Carbon tax will only make power more expensive in PHL–Monsada

by Lenie Lectura – March 3, 2016

from Business Mirror

The Philippines is not yet ready to impose levies on the carbon content of fuels, the Department of Energy (DOE) said on Thursday.

Energy Secretary Zenaida Y. Monsada, during the Shell Powering Progress Together (PPT)-Asia forum held in Manila, said it is “not a good idea” to impose the so-called carbon tax, amid high electricity prices being collected from power users.

“The concern is that we already have a very high power rate. We’re not competitive with our neighbors,” she said. Instead, the DOE is keen on promoting renewable energy (RE) as a power source to balance the utilization of fossil fuels and nonconventional type of energy.

“Putting a tax on carbon may lead to higher [electricity] prices. What we want to do is encourage RE development and classification of baseload and mid-merit plants,” Monsada added.

A carbon tax is a form of carbon pricing. Carbon is present in every hydrocarbon fuel, such as coal, petroleum and natural gas, and is released as carbon dioxide (CO2) when burned.

RE sources, on the other hand, do not convert hydrocarbons to CO2.

Dr. Edvin Aldrian, vice chairman of the Intergovernmental Panel on Climate Change-Working Group 1, said carbon tax is not fit for Asian countries. “It is not really for Asian countries. It is, however, already established in Europe.”

Monsada and Aldrian were invited as panel members to talk about “Energy Transitions and Climate Change Challenge” at the forum.

Shell Philippines showcased the Philippines as a leading proponent of collaborative action in the region, during its annual flagship forum on urbanization and sustainability.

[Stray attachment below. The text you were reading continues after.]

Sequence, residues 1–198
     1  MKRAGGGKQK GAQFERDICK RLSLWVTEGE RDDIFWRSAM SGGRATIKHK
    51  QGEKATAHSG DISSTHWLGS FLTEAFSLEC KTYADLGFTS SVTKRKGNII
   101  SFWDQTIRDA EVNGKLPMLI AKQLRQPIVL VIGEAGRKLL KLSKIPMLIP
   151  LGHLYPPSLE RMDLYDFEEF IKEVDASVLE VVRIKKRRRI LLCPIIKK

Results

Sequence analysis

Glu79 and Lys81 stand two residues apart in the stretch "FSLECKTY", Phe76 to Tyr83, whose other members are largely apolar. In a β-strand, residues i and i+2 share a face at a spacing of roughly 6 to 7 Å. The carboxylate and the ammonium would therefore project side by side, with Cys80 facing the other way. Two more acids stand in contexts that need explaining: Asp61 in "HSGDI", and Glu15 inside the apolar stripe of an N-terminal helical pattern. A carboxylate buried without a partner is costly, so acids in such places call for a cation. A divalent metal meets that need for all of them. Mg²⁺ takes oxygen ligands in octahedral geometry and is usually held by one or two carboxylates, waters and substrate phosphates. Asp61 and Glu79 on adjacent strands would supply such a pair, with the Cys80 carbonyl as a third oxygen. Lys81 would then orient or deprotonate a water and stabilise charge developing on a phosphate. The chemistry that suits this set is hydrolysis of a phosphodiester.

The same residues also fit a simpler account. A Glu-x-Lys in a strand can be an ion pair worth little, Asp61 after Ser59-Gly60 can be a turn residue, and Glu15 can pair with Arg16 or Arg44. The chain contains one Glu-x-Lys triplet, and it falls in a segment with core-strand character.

During the forum, local multisectoral partners took center stage in sharing key sustainability projects to address the growing issues on urban and climate resilience, as well as demands on energy, water and food.

“Energy, water and food are the world’s most vital resources and where public, private and civil-society sectors need to collaborate in order to make the country more resilient,” said Ed Chua, chairman of Shell Philippines. “Cities, being the largest human habitat of the future, should, therefore, be essential targets of innovation.”

With Shell’s continuous thrust toward shaping a more sustainable future of energy for all countries, such as the Philippines, are poised to survive and thrive in the new challenging conditions that the 21st century may bring, Chua added.

With the increased need for climate resilience and disaster-risk management, especially in coastal communities of the Visayas and Mindanao regions, Shell spearheaded the Automated Weather Station (AWS) network project focused on updating and expanding the existing AWS network of partner climate research institution Manila Observatory, together with Smart Communications.

The AWS is an urban and environmental-resilience project that provides localized weather data to communities to help enhance risk and resilience analysis on weather and climate in key cities, especially coastal cities most at risk to climate-change impacts.

The project provides opportunities to generate new knowledge through scientific research on climate and helps to enhance disaster preparedness of local government units.

The Manila Observatory provides technical analysis of weather and climate data, while Smart provides free connectivity for wireless data transmission. Shell has offered strategically located retail stations and depots as sites for installation of the AWS devices, which provide near real-time weather data in a specific location, such as temperature, humidity, barometric pressure, wind speed and direction.

Shell’s partnership with Manila Observatory also extends to upgrading the institute’s weather and climate facilities, including the installation of a high-tech computing facility in 2015, which significantly improved the modeling capacity of its Regional Climate Systems program.

In Palawan, the site of the Malampaya Deep Water Gas-to-Power Project, Shell has embarked on a similar AWS project together with the Weather Philippines Foundation and the Palawan Council for Sustainable Development.